The work of the UCA researchers not only yields information about ancient urban structures, it also helps delineate physical areas that should get legal protection and draft appropriate management methods.

“In history we need information. Dig-based archeology is expensive and certain sources of information are now depleted. This is the future,” says Lagóstena, underscoring that technology-based archeology delivers more data in a shorter time and at a lower cost, making it possible to tackle larger territorial investigations that also address issues such as past interaction with the landscape through agriculture and water management.

“We are creating information databases with the experiences of the past. All pre-industrial societies were necessarily sustainable, and if you recover the way they worked, you are moving in a direction that is necessary in the present.”

English version by Susana Urra.

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Officials pushed for State to buy direct provision centres from private firms

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The Government should buy a number of privately-owned direct provision centres as a “priority” as it would be more “cost effective” for the State to run the facilities for asylum seekers, international protection officials have said.

The savings arising from owning the accommodation centres rather than paying private contractors to do so “could be considerable”, departmental briefing documents provided to Minister for Children and Integration Roderic O’Gorman last year state.

The vast majority of direct provision centres are currently owned and run by private companies, with accommodation providers having received some €1.6 billion since 1999, including €183 million last year.

The latest figures show some 7,150 people are in the system of seven State-owned sites and 39 private centres. A further 24 commercially-owned premises are being used to provide emergency accommodation for asylum seekers.

The briefing document, released to The Irish Times under the Freedom of Information Act, says that housing people seeking asylum in State-owned centres would provide the “best protection from the vulnerability of present market reliance”.

“They are also much more cost efficient to run, and the State owns the asset,” it notes.

The document suggested that State centres should aim to accommodate 5,000 people, and “allowing the private sector to supply the rest is regarded as an achievable and reasonable target”.

The purchase of existing centres from private providers “to immediately boost the State’s footprint in this area should be considered as a priority,” the internal document said.

“Some service providers may be open to this and the market appears to be favourable at present,” it said.

The internal briefing suggested the department could then seek private companies or NGOs to run the centres, which would be a “competitive cost option”.

‘Badly needed’

Ongoing maintenance for centres owned by the State was also “badly needed,” as current pressures on the Office of Public Works (OPW) meant it was not possible “for immediate repairs to be done if required”.

“In exploring the model of more State centres, we need to agree and acquire a capital budget,” the briefing stated.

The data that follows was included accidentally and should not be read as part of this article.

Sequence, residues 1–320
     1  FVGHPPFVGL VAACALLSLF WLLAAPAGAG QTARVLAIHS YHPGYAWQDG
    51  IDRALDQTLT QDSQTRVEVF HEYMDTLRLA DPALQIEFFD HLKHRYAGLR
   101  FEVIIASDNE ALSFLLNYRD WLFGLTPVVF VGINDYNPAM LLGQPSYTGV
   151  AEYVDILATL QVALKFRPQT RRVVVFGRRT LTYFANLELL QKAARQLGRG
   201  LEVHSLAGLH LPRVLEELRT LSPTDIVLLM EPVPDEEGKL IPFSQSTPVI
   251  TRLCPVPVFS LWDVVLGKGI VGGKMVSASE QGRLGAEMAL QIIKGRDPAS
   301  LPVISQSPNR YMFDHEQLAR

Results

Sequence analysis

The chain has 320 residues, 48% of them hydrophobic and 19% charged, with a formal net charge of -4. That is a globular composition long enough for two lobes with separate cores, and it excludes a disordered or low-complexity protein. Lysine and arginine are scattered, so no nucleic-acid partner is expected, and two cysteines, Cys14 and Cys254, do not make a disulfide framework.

“State land does not require planning permission for new centres as the Minister has a power under the Acts, whereby the OPW can grant the planning permission and this is usually a three-month process. It is not subject to appeal.”

The document says that State centres “can also have a bigger footprint as it will be a permanent fixture in the locality”. In recent years a number of plans for private providers to open direct provision centres in regional towns have been met with protests from locals and anti-immigration activists.

Mr O’Gorman’s department has sought to reform the direct provision system and is seeking to replace the network of centres with a new system of accommodation and supports by the end of 2024.

New centres

A department spokesman confirmed the State has not bought any new centres since the briefing note was written. The spokesman said under the planned overhaul of direct provision, asylum-seekers who arrived into the country would initially be housed in a number of reception and integration centres.

Asylum-seekers will spend a maximum of four months in the reception centres before moving into housing secured through Approved Housing Bodies.

“These centres will be State-owned and purpose built to provide suitable accommodation for approximately 2,000 people at any one time, to cater for the flow-through of the 3,500 applicants over a 12-month period,” he said.


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IN PICTURES: French daredevil takes hair-raising Seine tightrope walk

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Attached by a strap to a safety lanyard, 27-year-old Nathan Paulin slowly progressed barefoot on a line stretched across the river between the Eiffel Tower and the Chaillot Theatre.

He stopped for a few breaks, sitting or lying on the rope.

Paulin holds an umbrella as he performs, for the second time, on a 70-metre-high slackline spanning 670 metres between the Eiffel Tower and the Theatre National de Chaillot. (Photo by Sameer Al-DOUMY / AFP)

“It wasn’t easy walking 600 metres, concentrating, with everything around, the pressure … but it was still beautiful,” he said after the performance on Saturday.

He said obtaining the necessary authorisations had been a difficulty for him, plus “the stress linked to the audience, the fact that there are a lot of people”.

Photo: (Photo by THOMAS COEX / AFP)